Tag Archive | yellow gold

Through the Loupe with…Karen Elizabeth Donovan

For March’s edition of “through the Loupe”  we’re joined by Karen Donovan, award-winning jeweller we discovered through New Designers and are so delighted to be able to showcase Karen’s beautiful and unusual jewellery.  With stunning detail Karen has recently created some jewellery with fantastic volume and a great use of colour, we’re really excited to see what else the future holds for this talented lady and hope you will follow her journey with us!

 

 

Tell us a bit about the jewellery you design:

 

I try to design jewellery that speaks to my experiences in life.  I moved to Scotland to do my postgraduate degree because I fell in love with Britain when I was younger.  My experiences here, including the people, the landscape and my interactions with the history formed a conversation that I could answer with my jewellery.  I have found the plants of Scotland to be completely different to those at home, and incredibly potent to the people here.  Once I had focused on these plants, namely Heather, the jewellery became easier to design.  I love stories, so when trying to find forms for my jewellery to take I looked into the social history of plants and the history of Britain’s jewels.  I think that stories are universally connecting – everyone loves a story.

  
[That’s really interesting because one of the reasons I love this necklace, above, is that it reminds me of the story of sleeping beauty and the forest that sprang up around her whilst she slept, I can just imagine the Prince cutting through the tangle of interwoven foliage when I look at it! Lovely]
 
How did you get into jewellery designing?
I took a class. I had been collecting earrings for ages, so when I saw a class on offer over the summer at the University of the Arts, Philadelphia, I decided to try making jewellery, and it stuck.
 
Have you found it difficult to start your own business?  Was there anywhere you went for help?
I have thankfully found excellent guidance through the University of Edinburgh’s Launch.ed programme.  I work with a business advisor who finds excellent opportunities for me and I can ask anything pertaining to my business. I have also found some great opportunities and workshops with Creative Scotland and the Cultural Enterprise Office.
 
Do you make your own jewellery?
I make all of my designs by hand. I am currently an Artist in Residence at Edinburgh College of Art, which is a great opportunity to get some teaching experience under my belt and it comes with access to the extensive facilities in the department. Like many creatives though, my bench is an absolute mess no matter where it is.
[That’s fantastic news, as someone who is completely daunted by the thought of having to teach anyone anything it’s really inspiring that you’re taking the opportunity to pass on to a new collection of future creatives, but it must make you extremely busy!]
  
 
Who are your influences?
 
William Morris has always influenced me in some way. Whether through his writings or his designs, his life forms a large part of my philosophy toward designing and creating. My advisor at Skidmore College, David Peterson, has influenced me greatly and I often ask myself what would David say about this?
But my most important influence is my parents.  Through my upbringing I have been taught to appreciate art but also to be well-rounded and rational, and I could never have gotten to where I am without their support.
[That’s a really nice thing to say – I am sure your parents are very proud of what you have achieved.]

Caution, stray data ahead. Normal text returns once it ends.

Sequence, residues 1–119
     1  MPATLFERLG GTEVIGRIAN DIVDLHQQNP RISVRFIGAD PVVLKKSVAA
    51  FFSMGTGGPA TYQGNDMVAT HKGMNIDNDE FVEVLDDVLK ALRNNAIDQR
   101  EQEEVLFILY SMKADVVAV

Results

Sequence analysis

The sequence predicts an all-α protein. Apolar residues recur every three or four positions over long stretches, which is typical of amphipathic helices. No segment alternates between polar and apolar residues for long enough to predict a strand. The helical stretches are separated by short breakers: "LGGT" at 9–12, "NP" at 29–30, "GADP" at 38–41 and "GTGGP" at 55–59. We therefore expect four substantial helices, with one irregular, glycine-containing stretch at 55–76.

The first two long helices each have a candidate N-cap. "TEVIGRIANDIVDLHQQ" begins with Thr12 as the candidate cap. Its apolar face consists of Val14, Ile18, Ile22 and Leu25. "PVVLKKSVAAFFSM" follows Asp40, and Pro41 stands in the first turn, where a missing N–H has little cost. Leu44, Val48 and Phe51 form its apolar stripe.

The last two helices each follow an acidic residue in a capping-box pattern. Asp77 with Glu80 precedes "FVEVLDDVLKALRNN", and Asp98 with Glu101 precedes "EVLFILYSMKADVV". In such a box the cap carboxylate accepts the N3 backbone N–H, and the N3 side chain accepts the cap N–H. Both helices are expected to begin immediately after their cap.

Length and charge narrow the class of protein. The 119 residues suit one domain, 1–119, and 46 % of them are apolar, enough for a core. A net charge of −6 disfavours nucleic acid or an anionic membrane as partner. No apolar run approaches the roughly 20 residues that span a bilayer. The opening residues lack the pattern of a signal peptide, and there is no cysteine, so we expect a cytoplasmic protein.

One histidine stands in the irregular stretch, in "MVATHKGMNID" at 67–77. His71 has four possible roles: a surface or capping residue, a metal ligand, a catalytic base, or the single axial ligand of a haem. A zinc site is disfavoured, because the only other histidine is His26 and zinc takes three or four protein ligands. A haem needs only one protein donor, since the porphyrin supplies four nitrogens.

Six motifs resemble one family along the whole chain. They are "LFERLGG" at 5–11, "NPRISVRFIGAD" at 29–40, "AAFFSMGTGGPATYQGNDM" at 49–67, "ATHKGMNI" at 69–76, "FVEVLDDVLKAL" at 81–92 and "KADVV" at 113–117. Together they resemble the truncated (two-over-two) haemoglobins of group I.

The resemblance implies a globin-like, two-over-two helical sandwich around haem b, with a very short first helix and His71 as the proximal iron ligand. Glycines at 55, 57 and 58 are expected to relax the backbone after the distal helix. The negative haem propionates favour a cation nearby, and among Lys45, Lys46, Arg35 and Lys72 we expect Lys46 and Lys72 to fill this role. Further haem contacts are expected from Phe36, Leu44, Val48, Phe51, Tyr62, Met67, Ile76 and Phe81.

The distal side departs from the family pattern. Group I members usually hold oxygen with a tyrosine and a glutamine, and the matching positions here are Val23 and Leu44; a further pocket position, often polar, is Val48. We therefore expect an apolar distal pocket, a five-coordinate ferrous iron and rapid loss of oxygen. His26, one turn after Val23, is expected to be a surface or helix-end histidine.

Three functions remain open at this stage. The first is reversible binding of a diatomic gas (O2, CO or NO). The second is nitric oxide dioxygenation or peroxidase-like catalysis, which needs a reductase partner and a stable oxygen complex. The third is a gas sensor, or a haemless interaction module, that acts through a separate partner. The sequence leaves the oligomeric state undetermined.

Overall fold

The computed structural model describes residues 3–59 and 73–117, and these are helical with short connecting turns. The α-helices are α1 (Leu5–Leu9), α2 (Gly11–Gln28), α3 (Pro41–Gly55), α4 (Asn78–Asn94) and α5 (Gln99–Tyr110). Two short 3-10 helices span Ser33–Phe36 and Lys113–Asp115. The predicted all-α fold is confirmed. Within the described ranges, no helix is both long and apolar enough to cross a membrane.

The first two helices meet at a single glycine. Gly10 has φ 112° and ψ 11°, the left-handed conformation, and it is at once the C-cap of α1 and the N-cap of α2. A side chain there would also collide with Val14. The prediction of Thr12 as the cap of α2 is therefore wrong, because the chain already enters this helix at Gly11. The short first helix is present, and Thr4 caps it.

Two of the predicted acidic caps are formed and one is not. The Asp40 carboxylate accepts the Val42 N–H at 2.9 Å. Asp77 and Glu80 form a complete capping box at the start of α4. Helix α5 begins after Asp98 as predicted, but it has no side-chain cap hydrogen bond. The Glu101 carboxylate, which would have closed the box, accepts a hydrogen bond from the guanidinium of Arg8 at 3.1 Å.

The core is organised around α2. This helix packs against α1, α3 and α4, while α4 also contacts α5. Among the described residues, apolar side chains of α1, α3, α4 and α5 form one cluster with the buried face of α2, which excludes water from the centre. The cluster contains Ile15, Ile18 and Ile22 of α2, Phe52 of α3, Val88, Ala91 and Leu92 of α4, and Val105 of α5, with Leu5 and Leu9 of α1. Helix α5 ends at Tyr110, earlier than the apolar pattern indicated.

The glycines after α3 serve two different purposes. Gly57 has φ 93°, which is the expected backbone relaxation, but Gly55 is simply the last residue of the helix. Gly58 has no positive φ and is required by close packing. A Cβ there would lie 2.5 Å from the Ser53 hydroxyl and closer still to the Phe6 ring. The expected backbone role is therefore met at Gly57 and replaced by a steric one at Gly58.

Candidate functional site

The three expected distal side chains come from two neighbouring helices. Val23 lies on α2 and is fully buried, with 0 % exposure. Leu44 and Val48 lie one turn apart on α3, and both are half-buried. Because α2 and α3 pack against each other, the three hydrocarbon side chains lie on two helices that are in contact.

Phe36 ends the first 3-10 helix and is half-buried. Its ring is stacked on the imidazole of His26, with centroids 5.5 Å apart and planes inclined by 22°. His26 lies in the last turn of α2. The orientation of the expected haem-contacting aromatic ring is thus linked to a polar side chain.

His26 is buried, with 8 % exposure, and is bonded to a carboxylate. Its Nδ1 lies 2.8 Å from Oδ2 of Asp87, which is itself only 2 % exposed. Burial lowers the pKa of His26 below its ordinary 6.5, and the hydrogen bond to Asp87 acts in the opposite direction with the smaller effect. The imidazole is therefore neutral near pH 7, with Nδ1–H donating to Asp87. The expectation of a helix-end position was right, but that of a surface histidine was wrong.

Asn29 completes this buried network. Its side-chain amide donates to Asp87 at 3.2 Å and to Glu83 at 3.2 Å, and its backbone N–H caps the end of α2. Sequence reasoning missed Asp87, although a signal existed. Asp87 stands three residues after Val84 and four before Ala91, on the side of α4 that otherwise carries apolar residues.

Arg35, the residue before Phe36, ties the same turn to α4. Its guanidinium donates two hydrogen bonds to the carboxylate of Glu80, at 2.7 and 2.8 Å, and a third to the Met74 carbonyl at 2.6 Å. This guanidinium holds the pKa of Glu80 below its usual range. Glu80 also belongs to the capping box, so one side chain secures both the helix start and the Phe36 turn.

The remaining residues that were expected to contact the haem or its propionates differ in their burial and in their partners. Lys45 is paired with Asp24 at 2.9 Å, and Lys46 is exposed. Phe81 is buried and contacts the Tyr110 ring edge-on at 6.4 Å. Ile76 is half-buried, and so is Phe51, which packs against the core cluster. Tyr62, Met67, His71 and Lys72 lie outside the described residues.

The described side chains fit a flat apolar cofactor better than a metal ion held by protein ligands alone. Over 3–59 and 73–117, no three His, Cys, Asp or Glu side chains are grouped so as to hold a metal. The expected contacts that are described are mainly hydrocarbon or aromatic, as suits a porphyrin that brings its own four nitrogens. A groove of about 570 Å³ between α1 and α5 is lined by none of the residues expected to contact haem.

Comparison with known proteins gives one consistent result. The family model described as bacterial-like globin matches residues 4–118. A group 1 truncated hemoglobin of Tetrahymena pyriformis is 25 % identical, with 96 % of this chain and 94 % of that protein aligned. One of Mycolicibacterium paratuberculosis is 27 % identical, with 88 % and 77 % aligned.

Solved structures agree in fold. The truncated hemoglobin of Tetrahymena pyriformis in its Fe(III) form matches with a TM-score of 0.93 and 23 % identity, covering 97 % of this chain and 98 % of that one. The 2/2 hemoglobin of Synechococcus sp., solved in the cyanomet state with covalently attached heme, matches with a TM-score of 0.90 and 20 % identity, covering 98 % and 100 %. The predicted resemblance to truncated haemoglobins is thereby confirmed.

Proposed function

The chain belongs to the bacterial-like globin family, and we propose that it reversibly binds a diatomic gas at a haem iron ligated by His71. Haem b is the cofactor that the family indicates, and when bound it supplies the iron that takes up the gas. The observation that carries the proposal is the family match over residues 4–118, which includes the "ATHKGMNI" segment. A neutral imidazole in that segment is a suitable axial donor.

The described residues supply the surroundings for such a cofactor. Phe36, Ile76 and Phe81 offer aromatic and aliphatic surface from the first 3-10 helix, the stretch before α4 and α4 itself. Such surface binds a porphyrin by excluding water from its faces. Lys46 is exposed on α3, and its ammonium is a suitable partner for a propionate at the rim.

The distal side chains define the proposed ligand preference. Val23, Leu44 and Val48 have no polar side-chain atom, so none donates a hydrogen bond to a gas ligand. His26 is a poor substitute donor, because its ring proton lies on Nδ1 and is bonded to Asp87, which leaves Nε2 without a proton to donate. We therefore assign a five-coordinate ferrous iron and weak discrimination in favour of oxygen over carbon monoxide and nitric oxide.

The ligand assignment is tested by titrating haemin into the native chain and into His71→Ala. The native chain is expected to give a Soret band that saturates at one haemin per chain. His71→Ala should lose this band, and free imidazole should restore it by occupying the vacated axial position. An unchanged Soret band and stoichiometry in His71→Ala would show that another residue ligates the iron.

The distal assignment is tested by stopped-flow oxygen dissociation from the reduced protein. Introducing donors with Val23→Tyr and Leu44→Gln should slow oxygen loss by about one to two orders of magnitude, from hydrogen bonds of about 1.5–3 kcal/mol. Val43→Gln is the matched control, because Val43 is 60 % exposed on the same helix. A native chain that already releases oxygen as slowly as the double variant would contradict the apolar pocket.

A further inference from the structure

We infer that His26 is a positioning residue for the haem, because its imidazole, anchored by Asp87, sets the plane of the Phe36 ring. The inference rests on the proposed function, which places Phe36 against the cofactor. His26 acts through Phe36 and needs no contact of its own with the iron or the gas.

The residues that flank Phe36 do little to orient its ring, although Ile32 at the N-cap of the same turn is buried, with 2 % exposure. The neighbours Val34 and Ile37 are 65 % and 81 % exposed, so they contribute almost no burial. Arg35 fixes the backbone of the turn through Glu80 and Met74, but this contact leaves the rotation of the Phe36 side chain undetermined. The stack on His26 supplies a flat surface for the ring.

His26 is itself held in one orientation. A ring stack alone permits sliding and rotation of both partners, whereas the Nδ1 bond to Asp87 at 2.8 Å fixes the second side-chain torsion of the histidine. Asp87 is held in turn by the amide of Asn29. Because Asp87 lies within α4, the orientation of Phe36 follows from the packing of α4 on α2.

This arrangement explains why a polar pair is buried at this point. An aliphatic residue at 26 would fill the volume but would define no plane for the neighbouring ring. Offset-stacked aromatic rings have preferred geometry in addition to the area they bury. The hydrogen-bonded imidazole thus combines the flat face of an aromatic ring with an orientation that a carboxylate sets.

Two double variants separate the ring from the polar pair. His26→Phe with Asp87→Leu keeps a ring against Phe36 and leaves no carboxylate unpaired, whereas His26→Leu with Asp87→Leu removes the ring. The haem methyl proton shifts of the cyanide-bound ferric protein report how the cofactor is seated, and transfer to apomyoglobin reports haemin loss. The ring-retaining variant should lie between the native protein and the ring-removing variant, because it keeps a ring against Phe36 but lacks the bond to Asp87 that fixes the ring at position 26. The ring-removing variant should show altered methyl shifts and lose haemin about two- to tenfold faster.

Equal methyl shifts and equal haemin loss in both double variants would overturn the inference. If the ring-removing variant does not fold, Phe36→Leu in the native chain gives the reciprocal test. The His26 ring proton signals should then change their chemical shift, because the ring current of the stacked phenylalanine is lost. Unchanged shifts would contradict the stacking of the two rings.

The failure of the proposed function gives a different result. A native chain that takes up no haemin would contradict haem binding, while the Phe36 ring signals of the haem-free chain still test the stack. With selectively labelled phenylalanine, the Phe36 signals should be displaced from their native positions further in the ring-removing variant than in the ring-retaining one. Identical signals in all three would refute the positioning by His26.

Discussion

What inspires you?
 
Stories. Books. Like Catherine Morland in Northanger Abbey, I read too much. But I think that experience lends a kind of significance to everyday scenes. Classical music is essential for that as well. There is nothing like a bit of Beethoven to make a situation seem more important. But hopefully what really comes out in my jewellery is that Scotland is incredibly inspirational. Take a good book and a few great classical recordings out to the Scottish islands and I am a very happy, inspired lady.
[I’m a massive reader too – I don’t think it’s possible to read too much!  Not a massive classical music fan though…maybe that’s why I’m not very creative!]
 
What sort of jewellery do you like to wear?
 
Rings. I find them strangely empowering.
 
What’s your favourite gemstone?
 
Citrine.
 
What are your aspirations for the future?
To continue to love what I do.
[Very wise words.]
 
Where did you train and how did you find the training process?
 
I did my Bachelor’s at Skidmore College in New York and my Master’s at Edinburgh College of Art. I enjoyed the diversity in the teaching between the two programmes. They provided different aspects to my training. I have tried as
much as possible during my education to get as much experience from as many teachers as possible in as many studios as I could, abroad and at home. I think that the most important part to any training process is that you put
your all in and take away as much as you can. Students should be as responsible or more than their teachers for their own learning.
 
Tell us about your connection with New Designers
 
New Designers was simply what everyone did after their degree at ECA. I never really thought about not going. Now that I have experienced it I value the platform it has created in my field, there is nothing I know of quite like it in the United States. It was a great chance to meet my peers across the UK as well as galleries and companies and people who could represent me and push me forward. I was presented with the New Designers’ Goldsmiths’ Company Jewellery award in 2014 which has helped my confidence and has pushed me into the business more thoroughly than I could have achieved without it. The main prize was a week’s work experience with Paul York at the Goldsmiths’ Centre which I did back in September. I was lucky to get to work with Paul, he is incredibly knowledgeable at what he
does and I learned so much from him.
 
What do you like to do when you’re not doing this?
 
Read, drink tea, go for walks in the rain, sing, play and listen to music, and most of all I love to solve puzzles of all kinds.
 
White gold or yellow gold…or something else?